The CAG first messed up the telecom industry by bringing out its bizarre report alleging that the exchequer lost Rs 1.76 lac crores (dubbed the biggest scam of independent India) because the government decided to dole out cheap spectrum. It failed to count the “downstream” benefits that the public received in the form of cheap mobile tariffs. Later, the CAG brought out an even more bizarre S-band report, equating much lower-value S-band spectrum with much higher-value 3G spectrum and alleging it to be a Rs 2 lac crore scam. It soon had to scoot with its tail between its legs. As if this much of “creative accounting” (or should we call it “notional” accounting, since the CAG loves the concept of notional!) wasn’t enough, the CAG has now started a new chapter. By bringing out “cost over-runs” in the Maharashtra irrigation department without explaining how that should be read and understood.
The CAG’s political partners, the BJP can now be expected to take this bizarre report to levels of utter absurdity. In the case of 2G, I cannot quite understand how a “notional loss” to the exchequer became a case of “mota maal” for the Congress as the BJP dubbed it. Is it the BJP’s point that the Congress pocketed so much money? Because if it indeed did, then the Congress should have no worries about returning to power in 2014, for power can always be “bought” with money, right?! The Congress did not make any such sum. And the BJP knows it. But these kinds of allegations are par for the course in politics. Truth be damned!
Cost over-runs are NEVER a case of corruption. They are ALWAYS a case of bad governance. To understand this, we have to understand the concept of “time value of money”. Essentially, the same item that costs Rs 100 today costs Rs 110 the next year and Rs 121 the year after that (assuming 10% inflation). This increase in costs is in fact the very definition of inflation. That is why economists always “deflate” “future value” by the inflation factor to arrive at “present value”. In the above example, the Rs 21 increase in costs over 2 years does not mean corruption, but merely the time value of money. When something gets pushed behind by as much as 20-40 years, inflation ensures that the actual figure is several times more than the original. However, this does not mean corruption.
One easy way to understand why this is not corruption is to look at the impact of time value of money on the opposite of costs – i.e income, or salaries. It’s a common refrain amongst people that “even a driver earns Rs 10000 a month today. Back then, an engineer used to get just Rs 2000”. Again, this does not mean that drivers have started “extorting” money. It only reflects that today’s Rs 10000 is perhaps worth no more than Rs 500 twenty years back. To the common man, this is extortion; just like cost over-runs are corruption.
Here’s another way to look at the issue. Rs 100 not spent in the year it was meant to be spent in means that that Rs 100 was either saved, or spent on something else more important. Either ways, that Rs 100 provided the bang that it was capable of in that year. Its not as if that Rs 100 was pocketed by some politician, and then a further Rs 121 had to be coughed up two years later. In fact, if that Rs 100 had just been parked in some decent security, it would have become Rs 121 in two years, and it would have made no difference to the cost. But it would still be a case of cost over-run and like I said earlier be called corruption.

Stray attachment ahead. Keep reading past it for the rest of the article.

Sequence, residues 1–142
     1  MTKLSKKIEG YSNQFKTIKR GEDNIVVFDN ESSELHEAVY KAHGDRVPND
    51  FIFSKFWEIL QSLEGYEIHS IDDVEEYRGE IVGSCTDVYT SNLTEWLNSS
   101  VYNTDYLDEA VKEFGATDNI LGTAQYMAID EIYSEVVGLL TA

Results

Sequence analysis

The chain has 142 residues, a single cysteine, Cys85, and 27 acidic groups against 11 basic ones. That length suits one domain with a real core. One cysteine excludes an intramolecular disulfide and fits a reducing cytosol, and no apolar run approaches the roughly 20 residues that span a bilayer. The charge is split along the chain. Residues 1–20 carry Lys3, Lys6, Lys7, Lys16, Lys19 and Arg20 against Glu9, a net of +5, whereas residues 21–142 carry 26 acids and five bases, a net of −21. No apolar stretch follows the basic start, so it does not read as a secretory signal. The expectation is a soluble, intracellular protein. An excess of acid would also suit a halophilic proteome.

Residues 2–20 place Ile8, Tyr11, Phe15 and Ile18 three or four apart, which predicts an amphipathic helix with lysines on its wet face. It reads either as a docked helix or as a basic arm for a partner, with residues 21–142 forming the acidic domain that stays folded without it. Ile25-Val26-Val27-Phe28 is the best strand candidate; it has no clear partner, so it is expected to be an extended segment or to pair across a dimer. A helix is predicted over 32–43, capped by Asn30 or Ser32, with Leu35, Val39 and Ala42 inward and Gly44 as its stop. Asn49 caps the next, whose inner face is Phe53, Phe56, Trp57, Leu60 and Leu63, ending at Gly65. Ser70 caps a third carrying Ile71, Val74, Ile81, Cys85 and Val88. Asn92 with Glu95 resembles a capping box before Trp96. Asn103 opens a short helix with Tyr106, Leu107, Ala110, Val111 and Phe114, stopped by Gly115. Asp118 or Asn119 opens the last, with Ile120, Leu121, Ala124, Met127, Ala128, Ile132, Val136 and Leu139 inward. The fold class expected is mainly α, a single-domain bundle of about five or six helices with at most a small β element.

So the Rs 70000 crore irrigation scam is hardly a scam of such magnitude. It may still be a scam, and in all probability, there is bound to be some corruption, but it’s nothing close to the amount publicized. Most of it reflects cost over-runs and not corruption. Likewise, the Rs 26000 crores that the CAG brought out is not corruption at all. A small fraction of it may well be though.
What the 20 or 40 year delay reflects however is poor governance. When a project is conceived to be executed in year 1, it should be completed in that year. If it is pushed behind because of administrative failure, then the benefits of that project are also pushed behind by that much time. Those benefits would always be worth much more (that’s why the project was conceived in the first place). For example, the delays in irrigation projects could have led to thousands of farmer suicides, or lacs of crores of “genuine loss” (just taunting the CAG here!) in agricultural food-grain production and export. The CAG as usual, has failed to go beyond its dirty nose, and estimate the end effect of delays. Just like it failed to estimate the end benefits of cheap 2G spectrum. The CAG’s credibility stands completely eroded because of such sub-moronic practices.
There is of course another reason why cost over-runs are shown as corruption and not as merely bad governance. As a bunch of people, we Indians love conspiracy theories….and the corruption angle has far more intrigue than some esoteric concept like bad governance! We also love big numbers….so showing what could potentially be a Rs 200 crore case of corruption (Raja in 2G) as a Rs 1.76 lac crore scam is what works in India!
The real truth is that an audit body like the CAG should do a lot more to inform the public. It should indeed bring out cases of cost and time over-runs but it should also explain what they mean. If the CAG has to do media briefings (and we know the present CAG loves to do that!), then it should be to educate the public how not to misread such numbers. But then again….why should the present CAG do that? He has his post-retirement life to take care of….